So that's why I like my 440's, but I think what's more applicable to the thread is RE: use for drumming and portable. 

 

For those two, I say look elsewhere than the Shure 8/440's. They don't isolate as well as the ATH-M50, and the cable is long and thick. The thick cable is nice for home, but they don't stay in a manageable package very well, and being long (stock cable is a 10 ft coiled cable.. not great for portability) they tend to get everywhere. It'd be okay I think if you're ~6 ft tall, sagging your cargos a little bit and keeping your player in the lowest pocket and running the cable under a sweater. Also, they don't clamp extremely well, so leaning too far one way or the other (tying shoes for instance... or limbo-ing) will inspire doubt in its ability to stay on, plus, without any modding, they're on the portly side, without much good cushioning. I haven't heard the 750DJ but I imagine they'd be better all around for those two. Enhanced bass and highs though. 

 

I love my headphones at home, but at this point I'd rather sacrifice the SQ and run ibuds when out and about. 


You are absolutely right, the 840's aren't meant for any application where there is movement, that is why I bought the HD25-1 II, again.

I listened to the HD25-1's in the shop today and what I used to hate about these phones was the tiny soundstage, but I seriously wasn't bothered by it today.

It actually sounded pretty good to me, maybe because I appreciate the seperation more than I used too. 

Plus I think any over the ear headphone is not really the best solution for portable use. I also don''t like earbuds and IEM's so on the ear headphone's it is :)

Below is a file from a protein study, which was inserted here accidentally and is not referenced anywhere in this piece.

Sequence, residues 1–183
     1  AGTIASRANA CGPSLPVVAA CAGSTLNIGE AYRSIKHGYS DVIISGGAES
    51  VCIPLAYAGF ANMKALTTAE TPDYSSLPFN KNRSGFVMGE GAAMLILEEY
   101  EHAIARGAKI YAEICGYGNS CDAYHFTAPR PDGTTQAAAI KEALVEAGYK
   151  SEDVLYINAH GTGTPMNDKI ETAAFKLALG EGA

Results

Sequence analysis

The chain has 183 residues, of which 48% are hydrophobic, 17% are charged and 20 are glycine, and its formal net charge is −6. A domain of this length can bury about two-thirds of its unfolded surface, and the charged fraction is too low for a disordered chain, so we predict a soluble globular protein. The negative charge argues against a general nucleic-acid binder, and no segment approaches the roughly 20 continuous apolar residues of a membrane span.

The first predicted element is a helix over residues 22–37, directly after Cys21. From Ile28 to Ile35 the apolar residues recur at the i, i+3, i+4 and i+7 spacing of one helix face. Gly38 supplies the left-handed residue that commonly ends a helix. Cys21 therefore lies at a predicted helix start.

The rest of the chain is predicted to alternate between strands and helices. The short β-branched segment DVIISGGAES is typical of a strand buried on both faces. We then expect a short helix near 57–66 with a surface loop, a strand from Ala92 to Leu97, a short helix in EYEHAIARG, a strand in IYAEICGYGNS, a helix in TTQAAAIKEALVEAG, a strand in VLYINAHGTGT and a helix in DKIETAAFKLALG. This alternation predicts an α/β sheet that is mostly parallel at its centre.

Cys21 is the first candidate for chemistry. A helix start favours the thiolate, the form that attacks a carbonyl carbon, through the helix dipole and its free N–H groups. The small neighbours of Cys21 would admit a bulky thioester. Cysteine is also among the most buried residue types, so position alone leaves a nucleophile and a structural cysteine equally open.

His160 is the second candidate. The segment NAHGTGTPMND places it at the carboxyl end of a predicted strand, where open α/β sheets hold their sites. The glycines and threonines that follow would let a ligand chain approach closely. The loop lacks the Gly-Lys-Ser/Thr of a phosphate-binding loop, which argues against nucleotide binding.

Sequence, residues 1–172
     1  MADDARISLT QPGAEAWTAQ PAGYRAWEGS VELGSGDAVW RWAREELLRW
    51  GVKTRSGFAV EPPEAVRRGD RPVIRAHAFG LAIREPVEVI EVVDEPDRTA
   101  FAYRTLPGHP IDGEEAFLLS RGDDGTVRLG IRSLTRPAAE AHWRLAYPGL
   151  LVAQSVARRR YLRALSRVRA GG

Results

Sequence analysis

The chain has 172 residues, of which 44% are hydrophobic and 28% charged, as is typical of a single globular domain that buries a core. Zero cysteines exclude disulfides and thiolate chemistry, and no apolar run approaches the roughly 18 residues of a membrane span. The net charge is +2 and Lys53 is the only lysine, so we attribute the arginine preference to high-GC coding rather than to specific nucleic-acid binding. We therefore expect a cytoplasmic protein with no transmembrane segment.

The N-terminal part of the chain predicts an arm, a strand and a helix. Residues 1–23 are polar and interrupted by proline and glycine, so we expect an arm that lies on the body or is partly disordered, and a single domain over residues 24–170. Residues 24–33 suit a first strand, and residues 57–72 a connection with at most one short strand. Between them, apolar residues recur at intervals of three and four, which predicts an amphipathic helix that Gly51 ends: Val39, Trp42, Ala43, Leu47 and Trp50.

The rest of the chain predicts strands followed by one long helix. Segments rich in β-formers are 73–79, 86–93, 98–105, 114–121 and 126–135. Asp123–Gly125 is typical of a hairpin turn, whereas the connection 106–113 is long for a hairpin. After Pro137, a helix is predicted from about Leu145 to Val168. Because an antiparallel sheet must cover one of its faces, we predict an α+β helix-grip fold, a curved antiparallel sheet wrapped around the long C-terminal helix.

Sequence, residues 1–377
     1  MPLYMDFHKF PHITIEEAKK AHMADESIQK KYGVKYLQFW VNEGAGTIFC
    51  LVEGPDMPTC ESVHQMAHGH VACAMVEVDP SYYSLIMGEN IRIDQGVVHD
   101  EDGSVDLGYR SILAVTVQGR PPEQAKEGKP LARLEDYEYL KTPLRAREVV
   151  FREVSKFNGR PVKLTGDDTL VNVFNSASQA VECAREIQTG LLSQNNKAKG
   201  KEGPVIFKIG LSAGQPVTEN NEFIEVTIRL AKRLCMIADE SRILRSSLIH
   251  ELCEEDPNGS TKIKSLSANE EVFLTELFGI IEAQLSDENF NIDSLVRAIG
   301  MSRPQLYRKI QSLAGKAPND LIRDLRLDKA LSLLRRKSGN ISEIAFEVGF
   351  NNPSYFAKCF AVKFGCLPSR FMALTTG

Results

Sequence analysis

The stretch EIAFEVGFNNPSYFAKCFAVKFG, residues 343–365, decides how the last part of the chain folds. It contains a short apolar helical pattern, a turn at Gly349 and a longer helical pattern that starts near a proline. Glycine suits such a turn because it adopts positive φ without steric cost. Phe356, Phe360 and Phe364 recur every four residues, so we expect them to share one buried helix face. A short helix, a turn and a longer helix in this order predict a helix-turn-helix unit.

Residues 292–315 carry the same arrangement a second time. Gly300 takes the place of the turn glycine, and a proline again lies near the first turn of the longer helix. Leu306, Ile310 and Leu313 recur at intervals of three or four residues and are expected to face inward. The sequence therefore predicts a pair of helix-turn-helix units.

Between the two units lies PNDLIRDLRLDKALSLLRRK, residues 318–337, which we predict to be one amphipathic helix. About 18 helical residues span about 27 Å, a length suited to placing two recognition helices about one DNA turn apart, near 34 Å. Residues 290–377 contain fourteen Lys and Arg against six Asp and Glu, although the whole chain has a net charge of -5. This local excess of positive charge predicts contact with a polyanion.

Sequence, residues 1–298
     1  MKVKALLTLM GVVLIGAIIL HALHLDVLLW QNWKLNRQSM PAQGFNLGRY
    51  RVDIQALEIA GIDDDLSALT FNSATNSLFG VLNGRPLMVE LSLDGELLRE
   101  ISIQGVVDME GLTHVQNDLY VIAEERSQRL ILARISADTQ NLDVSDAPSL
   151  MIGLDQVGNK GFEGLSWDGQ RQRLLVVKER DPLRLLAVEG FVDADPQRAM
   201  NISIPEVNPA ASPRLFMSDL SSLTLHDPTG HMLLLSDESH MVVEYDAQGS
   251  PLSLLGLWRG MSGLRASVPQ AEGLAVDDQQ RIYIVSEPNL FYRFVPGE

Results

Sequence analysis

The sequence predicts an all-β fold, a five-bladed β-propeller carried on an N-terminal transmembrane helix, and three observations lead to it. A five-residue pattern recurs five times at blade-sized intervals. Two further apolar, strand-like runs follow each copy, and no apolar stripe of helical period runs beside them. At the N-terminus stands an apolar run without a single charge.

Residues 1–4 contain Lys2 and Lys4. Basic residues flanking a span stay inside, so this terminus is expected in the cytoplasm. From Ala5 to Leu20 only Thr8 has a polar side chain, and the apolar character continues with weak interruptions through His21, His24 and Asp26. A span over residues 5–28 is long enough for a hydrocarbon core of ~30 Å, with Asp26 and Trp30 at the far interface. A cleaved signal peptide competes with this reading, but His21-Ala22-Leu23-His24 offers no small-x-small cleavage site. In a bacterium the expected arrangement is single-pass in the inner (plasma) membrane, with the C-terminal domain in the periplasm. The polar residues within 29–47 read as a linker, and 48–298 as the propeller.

post #24 of 79

I have both of them and i must say go for the 840..The sound is over all way better i think more balanced and with more control...If you want some massive bass there is better cans to choose from, but great over all SQ the 840 is the winner for me..You can do various mods to the M50 like dynamat/ blu tack the cups and so on to make the bass sound more controlled..It´s still v-shaped.

 

For portable use the m50 might be the better choice since it sits on your head alot tighter.

 

Both the M50 and 840 have coiled cables ( the S version of the m50 has straight very long cable ) The cable on the shures is maby a meter long when its not streched out.

post #25 of 79

I think a better option for drums might be the Shure SRH750DJ. 

 

These have a LOT more bass impact than the thin sounding 840.  I only needed 20 minutes of testing at my local Guitar Center to know the 840 were not providing the sound I liked when compared to my Denon D5000 or M50 closed cans.  The 750DJ version were much better to me, and I love drums and percusion.  I was listening to these while playing various synthesizers and drum machines.  I was able to swap out the 840 and use them with the exact same equipment, and the 750 sounded much better to me, especially with the drums. 

 

Granted, the sounds that I was messing around with were mostly deep bass and big thumps.

 

post #26 of 79
Thread Starter 
Quote:
Originally Posted by sonitus mirus View Post

I think a better option for drums might be the Shure SRH750DJ. 

 

These have a LOT more bass impact than the thin sounding 840.  I only needed 20 minutes of testing at my local Guitar Center to know the 840 were not providing the sound I liked when compared to my Denon D5000 or M50 closed cans.  The 750DJ version were much better to me, and I love drums and percusion.  I was listening to these while playing various synthesizers and drum machines.  I was able to swap out the 840 and use them with the exact same equipment, and the 750 sounded much better to me, especially with the drums.